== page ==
RESEARCH INFORMATION FOUND ONLINE (for educational purposes)
The Indians of Los Angeles County: Hugo Reid's letters of 1852. Edited and annotated by Robert F. Heizer. SOUTHWEST MUSEUM
LOS ANGELES, CA.
Library of Congress Catalog Card Number: 68-8964.....click here
The North American Indian by Edward S. Curtis is one of the most significant and controversial representations of traditional American Indian culture ever produced. Issued in a limited edition from 1907-1930, the publication continues to exert a major influence on the image of Indians in popular culture. Curtis said he wanted to document "the old time Indian, his dress, his ceremonies, his life and manners." click here
Introduction Early California History: An Overview.....click here
Puente Hills Preserve...http://www.habitatauthority.org Sponsored Historical Research Into the History of the Puente Hills Preserve A BRIEF HISTORY OF
THE TONGVA TRIBE:
THE NATIVE INHABITANTS OF
THE LANDS OF THE PUENTE HILLS PRESERVE...click here
LAND, LABOR, AND LIVESTOCK:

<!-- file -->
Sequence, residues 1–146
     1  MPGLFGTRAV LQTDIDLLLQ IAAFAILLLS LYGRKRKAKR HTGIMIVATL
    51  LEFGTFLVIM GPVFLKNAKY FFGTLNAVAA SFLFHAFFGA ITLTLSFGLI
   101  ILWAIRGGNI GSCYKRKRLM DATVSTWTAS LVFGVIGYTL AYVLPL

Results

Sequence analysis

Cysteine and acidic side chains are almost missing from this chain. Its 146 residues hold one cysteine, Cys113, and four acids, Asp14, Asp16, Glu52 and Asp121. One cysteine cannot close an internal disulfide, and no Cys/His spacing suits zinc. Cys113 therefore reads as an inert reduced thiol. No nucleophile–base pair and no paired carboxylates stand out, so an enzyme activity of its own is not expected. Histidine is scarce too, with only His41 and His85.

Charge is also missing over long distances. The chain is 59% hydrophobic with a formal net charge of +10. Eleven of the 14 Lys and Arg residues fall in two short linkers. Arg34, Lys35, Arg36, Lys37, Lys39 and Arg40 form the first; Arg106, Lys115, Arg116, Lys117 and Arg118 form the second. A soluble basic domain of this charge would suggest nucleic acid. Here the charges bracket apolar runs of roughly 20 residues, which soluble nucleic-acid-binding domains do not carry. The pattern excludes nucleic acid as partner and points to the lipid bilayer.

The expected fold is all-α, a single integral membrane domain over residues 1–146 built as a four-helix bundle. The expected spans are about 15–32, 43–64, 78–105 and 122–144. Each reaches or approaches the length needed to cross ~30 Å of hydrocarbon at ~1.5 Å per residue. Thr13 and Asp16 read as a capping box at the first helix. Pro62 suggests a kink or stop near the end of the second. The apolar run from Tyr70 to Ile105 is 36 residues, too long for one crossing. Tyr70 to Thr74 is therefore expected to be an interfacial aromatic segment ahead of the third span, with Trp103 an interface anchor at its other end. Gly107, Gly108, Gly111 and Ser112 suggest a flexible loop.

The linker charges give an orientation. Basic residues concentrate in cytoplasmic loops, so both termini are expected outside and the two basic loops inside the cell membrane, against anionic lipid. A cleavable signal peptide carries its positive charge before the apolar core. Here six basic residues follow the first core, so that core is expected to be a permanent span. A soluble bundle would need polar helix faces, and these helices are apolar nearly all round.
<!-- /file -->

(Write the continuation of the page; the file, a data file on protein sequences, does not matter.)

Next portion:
The Uses of the Puente Hills Region, 1769 – 1880.....click here
A Study on Native American History - Critical Analysis....click here NATIVE AMERICAN HISTORY, COMPARATIVE GENOCIDE AND THE HOLOCAUST:
HISTORIOGRAPHY, DEBATE AND CRITICAL ANALYSIS
Gold, Greed & Genocide
Over 150,000 Native Americans lived sustainably in California prior to the gold rush. They had existed for many centuries, supporting themselves mostly by hunting, gathering and fishing. This life changed drastically in 1848 when James Marshall discovered the yellow metal in the American River at Coloma, in Northern California.
By 1870, there was an estimated native population of only 31,000 Californian Indians left. Over 60 percent of these indigenous people died from disease introduced by hundreds of thousands of so-called 49ers. However, local tribes were also systematically chased off their lands, marched to missions and reservations, enslaved and brutally massacred.
In 1851, the California State government paid $1 million for scalping missions. You could still get $5 for a severed Indian head in Shasta in 1855, and twenty five cents for a scalp in Honey Lake in 1863.
Over 4,000 Native American children were sold - prices ranged from $60 for a boy to $200 for a girl....to enter site Click here
THE AMERICAN INDIAN
YouTube VIDEO Remember to use - BACK ARROW - to return to tongvapeople.com
(located at top left side of screen)
The first photos/plates of the Native American were taken by early primitive techniques
as early as 1874.....click here A Guide to Fiber-Base Gelatin Silver Print Condition and Deterioration
by Gawain Weaver